Big Picture: Various indicators shedding some light on corporate investment behaviour are suggesting that a meaningful acceleration of investment is either underway or imminent. That is important and very positive. For the recovery to become self-sustaining and more firmly based, investment is exactly what we need. It will create jobs and income growth, which will support spending growth. Meanwhile, industrial activity has gained momentum, but inventories have risen in the US. This implies that US production growth may ease a little in the short term allowing demand to catch up. Nevertheless, the outlook remains upbeat.
Interest rates: The eurozone’s liquidity surplus has fallen significantly and this has started to put upward pressure on interbank rates. At the recent ECB Press Conference, Mr Draghi said that an unwarranted tightening of short-term money markets would be a trigger for action. Therefore if the above trend continues, it increases the probability that the ECB would take action to either put more liquidity in the system, or cut policy rates, or both. Perhaps the simplest initial option would be the stopping of the sterilisation of the SMP.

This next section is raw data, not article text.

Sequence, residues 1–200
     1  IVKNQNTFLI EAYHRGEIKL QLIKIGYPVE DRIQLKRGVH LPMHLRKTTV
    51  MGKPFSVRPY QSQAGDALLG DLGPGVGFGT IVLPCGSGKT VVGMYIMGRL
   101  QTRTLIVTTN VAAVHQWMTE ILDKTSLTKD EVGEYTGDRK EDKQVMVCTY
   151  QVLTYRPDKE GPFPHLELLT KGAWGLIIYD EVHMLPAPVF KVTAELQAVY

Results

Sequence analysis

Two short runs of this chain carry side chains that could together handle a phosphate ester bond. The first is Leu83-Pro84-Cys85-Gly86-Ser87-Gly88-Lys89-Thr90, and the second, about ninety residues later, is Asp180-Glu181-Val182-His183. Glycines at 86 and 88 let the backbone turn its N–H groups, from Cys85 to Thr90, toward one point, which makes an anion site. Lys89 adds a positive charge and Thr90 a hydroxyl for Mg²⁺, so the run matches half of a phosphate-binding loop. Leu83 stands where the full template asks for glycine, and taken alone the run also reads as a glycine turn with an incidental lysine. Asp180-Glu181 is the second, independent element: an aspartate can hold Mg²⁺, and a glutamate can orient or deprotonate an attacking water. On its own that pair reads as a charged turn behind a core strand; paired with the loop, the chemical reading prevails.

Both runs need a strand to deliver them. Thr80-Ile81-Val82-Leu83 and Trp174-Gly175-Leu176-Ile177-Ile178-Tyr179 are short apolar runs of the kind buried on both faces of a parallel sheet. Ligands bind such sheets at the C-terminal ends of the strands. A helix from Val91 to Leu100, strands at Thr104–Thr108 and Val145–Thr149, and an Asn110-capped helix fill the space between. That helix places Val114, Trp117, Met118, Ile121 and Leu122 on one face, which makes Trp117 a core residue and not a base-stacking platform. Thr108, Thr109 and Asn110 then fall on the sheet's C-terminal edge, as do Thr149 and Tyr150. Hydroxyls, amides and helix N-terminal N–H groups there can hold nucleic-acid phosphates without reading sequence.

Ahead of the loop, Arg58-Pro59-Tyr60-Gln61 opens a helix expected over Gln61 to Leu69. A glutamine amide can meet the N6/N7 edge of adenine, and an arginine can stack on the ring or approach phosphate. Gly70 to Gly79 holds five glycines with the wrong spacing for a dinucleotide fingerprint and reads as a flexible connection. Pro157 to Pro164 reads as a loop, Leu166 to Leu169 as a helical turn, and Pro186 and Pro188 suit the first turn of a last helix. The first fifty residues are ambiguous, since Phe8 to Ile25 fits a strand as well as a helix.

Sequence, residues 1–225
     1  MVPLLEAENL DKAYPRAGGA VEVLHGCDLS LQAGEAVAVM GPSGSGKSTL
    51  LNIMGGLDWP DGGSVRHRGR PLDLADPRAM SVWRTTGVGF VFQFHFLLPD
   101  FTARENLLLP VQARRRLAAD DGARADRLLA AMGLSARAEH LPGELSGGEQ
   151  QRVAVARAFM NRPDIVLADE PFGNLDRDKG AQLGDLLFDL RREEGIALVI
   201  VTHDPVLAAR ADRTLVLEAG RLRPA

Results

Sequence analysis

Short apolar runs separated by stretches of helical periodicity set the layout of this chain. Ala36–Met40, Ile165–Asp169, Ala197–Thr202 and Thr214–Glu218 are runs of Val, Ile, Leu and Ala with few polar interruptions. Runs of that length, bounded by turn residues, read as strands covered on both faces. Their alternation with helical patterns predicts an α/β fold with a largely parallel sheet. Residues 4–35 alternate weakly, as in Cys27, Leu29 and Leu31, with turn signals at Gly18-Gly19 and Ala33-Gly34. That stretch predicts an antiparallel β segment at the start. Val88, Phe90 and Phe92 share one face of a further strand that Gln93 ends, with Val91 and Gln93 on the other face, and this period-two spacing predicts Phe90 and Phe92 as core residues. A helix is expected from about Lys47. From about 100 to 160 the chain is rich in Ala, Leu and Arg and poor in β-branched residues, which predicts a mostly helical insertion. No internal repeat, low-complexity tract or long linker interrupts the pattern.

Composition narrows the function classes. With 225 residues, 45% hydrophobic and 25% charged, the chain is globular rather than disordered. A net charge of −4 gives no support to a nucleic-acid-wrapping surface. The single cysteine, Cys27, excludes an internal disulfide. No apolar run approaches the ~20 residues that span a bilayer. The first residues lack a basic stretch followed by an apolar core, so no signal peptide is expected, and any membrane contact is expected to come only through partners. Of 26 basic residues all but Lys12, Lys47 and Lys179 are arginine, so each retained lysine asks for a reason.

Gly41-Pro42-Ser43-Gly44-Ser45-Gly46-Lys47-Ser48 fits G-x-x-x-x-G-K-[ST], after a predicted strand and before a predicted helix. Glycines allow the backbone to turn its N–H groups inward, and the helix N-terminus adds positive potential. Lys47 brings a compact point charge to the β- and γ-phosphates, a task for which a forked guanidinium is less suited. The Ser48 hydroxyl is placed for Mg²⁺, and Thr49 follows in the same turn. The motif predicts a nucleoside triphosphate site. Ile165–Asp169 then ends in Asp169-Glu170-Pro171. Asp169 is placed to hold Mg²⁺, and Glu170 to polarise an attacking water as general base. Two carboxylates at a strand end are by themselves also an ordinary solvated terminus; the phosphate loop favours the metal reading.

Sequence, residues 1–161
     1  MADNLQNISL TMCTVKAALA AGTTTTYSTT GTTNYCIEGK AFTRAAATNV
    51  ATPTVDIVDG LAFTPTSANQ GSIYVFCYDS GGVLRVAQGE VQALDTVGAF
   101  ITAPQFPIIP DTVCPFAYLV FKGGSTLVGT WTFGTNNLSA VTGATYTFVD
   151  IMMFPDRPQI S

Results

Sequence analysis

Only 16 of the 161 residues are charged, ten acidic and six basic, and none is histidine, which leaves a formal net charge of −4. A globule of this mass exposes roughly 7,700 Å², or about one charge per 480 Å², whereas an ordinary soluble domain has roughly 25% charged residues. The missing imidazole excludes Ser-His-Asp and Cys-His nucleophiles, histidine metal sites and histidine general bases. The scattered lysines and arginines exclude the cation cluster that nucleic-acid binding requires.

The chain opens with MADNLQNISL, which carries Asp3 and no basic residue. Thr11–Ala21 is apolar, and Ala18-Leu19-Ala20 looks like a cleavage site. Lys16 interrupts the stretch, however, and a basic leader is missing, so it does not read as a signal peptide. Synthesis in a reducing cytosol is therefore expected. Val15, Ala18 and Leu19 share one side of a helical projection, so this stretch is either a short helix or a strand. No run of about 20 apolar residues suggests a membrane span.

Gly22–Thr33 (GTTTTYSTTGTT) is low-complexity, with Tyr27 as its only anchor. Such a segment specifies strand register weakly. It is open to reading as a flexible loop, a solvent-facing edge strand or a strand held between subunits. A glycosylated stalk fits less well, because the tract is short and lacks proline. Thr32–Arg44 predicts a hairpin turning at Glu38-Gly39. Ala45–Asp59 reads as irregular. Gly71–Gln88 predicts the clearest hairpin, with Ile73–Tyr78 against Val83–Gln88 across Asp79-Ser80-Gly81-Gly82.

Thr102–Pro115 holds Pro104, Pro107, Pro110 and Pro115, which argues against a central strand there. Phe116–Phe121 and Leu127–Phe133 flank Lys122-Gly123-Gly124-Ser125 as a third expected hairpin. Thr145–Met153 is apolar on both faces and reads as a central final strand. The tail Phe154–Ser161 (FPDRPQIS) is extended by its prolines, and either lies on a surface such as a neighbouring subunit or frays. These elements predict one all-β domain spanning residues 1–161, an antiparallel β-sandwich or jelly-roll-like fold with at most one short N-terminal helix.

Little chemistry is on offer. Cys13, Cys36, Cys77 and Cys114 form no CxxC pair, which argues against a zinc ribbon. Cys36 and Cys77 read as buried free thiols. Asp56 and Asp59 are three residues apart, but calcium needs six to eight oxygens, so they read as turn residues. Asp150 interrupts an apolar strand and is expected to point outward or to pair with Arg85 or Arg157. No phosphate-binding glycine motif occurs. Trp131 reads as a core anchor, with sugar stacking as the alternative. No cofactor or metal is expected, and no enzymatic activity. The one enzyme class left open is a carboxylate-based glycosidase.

FX: The impact of the weak US employment faded quickly in currency markets mainly driven by strong US economic data, which underlined that the economy remains on a strong footing, and the perception that this weak employment report will not change the course of the Fed. Tighter liquidity conditions continue to support the euro, but they also make ECB action to ease policy more likely, which would undermine the currency. Meanwhile, the Australian dollar weakened even further because of weak employment data.